Dose-response relationship between sports activity and musculoskeletal pain in adolescents.
Physical activity has multiple health benefits, but may also increase the risk of developing musculoskeletal pain. However, the relationship between physical activity and musculoskeletal pain has not been well-characterized. This study examined the dose-response relationship between sports activity and musculoskeletal pain among adolescents. Two school-based serial surveys were conducted 1 year apart in adolescents aged 12 to 18 years in Unnan, Japan. Self-administered questionnaires were completed by 2403 students. Associations between time spent in organized sports activity and musculoskeletal pain were analyzed cross-sectionally (n=2403) and longitudinally (n=374, students free of pain and in 7th or 10th grade at baseline) with repeated-measures Poisson regression and restricted cubic splines, with adjustment for potential confounders. The prevalence of overall pain, defined as having pain recently at least several times a week in at least one part of the body, was 27.4%. In the cross-sectional analysis, sports activity was significantly associated with pain prevalence. Each additional 1 hour/week of sports activity was associated with a 3% higher probability of having pain (prevalence ratio=1.03, 95% confidence interval (CI)=1.02-1.04). Similar trends were found across causes (traumatic and non-traumatic pain) and anatomic locations (upper limbs, lower back, and lower limbs). In longitudinal analysis, the risk ratio for developing pain at 1-year follow-up per 1 hour/week increase in baseline sports activity was 1.03 (95% CI=1.02-1.05). Spline models indicated a linear association (P<0.001) but not a non-linear association (P>=0.45). The more the adolescents played sports the more likely they were to have and develop pain.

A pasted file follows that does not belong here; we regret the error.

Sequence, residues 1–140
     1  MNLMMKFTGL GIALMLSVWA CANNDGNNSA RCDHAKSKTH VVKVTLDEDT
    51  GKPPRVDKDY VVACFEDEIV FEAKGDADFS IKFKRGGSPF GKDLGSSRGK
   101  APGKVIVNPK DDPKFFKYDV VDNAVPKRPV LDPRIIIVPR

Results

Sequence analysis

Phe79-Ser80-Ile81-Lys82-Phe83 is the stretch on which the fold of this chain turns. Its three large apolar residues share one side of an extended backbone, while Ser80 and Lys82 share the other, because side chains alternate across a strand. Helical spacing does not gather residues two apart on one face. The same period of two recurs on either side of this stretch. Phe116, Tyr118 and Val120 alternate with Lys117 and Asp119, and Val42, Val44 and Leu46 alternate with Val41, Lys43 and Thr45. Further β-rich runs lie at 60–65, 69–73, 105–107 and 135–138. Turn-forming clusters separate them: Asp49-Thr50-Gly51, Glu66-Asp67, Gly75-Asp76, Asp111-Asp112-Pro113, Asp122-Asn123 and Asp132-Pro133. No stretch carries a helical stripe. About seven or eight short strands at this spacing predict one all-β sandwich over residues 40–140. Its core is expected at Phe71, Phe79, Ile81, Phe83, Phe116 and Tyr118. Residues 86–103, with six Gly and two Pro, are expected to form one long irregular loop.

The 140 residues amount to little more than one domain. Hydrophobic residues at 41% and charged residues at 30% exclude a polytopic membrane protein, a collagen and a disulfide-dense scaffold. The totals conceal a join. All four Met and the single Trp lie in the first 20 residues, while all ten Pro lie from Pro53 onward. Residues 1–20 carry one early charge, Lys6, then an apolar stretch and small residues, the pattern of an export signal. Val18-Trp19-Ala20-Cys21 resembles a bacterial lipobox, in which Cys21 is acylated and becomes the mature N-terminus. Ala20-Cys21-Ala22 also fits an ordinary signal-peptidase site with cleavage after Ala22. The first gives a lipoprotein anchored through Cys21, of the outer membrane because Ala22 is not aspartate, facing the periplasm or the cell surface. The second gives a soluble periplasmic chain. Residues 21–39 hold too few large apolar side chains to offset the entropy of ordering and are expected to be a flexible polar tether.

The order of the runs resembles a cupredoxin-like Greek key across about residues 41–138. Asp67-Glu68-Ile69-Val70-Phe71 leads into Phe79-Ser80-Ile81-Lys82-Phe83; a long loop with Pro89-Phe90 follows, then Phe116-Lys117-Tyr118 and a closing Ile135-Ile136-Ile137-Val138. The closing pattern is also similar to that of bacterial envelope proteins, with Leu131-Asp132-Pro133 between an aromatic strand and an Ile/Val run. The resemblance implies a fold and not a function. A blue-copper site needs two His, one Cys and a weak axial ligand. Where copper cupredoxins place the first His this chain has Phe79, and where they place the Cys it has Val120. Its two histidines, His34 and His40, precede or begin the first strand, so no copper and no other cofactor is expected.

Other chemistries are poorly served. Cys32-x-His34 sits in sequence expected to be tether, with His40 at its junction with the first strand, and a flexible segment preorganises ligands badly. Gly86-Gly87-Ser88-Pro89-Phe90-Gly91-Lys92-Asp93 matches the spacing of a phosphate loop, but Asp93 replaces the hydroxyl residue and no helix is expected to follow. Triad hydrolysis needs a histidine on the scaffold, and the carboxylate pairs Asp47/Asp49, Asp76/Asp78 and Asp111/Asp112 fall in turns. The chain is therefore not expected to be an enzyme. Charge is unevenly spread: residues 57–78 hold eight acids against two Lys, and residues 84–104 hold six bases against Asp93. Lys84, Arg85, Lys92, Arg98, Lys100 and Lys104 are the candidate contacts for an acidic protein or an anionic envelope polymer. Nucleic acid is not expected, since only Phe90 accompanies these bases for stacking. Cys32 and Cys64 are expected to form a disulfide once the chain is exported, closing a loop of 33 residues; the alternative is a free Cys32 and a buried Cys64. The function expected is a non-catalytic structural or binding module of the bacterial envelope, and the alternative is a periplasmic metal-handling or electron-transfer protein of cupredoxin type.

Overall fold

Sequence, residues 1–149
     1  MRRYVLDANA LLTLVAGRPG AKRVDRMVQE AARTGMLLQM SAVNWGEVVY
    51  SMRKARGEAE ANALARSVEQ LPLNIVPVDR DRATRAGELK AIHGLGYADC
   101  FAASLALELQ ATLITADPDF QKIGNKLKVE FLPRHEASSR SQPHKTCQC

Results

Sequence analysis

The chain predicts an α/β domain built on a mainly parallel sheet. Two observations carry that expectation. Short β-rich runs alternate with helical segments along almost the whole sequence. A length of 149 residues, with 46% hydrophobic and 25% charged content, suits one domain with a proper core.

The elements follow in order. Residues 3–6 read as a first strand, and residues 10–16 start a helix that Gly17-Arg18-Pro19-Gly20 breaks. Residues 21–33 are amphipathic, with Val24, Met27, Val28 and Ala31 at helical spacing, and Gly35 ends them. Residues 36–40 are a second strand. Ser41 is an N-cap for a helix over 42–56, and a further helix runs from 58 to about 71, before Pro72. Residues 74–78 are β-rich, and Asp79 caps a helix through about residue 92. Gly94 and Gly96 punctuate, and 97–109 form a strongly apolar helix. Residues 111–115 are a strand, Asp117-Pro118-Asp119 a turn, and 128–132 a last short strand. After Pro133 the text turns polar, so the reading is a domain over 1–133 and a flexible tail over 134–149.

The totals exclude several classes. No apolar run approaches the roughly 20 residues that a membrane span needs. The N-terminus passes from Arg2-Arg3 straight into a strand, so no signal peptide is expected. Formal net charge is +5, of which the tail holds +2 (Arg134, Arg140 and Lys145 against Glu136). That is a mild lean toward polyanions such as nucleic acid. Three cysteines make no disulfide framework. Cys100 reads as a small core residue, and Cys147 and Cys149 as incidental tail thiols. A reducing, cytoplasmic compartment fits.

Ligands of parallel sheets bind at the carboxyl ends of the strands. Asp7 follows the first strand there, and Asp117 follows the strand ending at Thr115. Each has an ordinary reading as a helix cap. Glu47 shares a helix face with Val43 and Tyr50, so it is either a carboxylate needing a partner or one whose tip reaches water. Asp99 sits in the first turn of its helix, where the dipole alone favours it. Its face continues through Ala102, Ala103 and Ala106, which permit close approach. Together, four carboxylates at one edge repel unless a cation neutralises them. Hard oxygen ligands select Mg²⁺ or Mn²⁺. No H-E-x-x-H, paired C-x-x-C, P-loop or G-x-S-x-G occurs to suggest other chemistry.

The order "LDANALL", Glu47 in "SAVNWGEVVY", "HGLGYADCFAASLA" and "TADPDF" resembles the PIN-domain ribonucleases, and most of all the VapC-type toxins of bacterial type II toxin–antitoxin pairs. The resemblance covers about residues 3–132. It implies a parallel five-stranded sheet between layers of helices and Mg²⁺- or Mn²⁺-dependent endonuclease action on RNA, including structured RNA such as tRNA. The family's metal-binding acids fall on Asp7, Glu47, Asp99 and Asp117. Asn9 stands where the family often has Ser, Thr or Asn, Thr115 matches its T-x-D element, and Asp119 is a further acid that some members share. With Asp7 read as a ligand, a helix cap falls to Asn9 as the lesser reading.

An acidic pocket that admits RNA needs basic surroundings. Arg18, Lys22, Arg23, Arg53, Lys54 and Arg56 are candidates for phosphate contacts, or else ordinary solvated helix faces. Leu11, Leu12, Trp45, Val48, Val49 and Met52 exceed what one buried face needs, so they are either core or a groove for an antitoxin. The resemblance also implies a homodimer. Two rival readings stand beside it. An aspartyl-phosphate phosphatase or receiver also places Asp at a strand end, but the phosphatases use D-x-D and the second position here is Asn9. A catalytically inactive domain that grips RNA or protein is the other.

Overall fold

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(C) 2016 International Association for the Study of Pain
Autor / Fonte:Masamitsu Kamada, Takafumi Abe, Jun Kitayuguchi, Fumiaki Imamura, I-Min Lee, Masaru Kadowaki, Susumu S Sawada, Motohiko Miyachi, Yuzuru Matsui, Yuji Uchio Pain 2016 February 17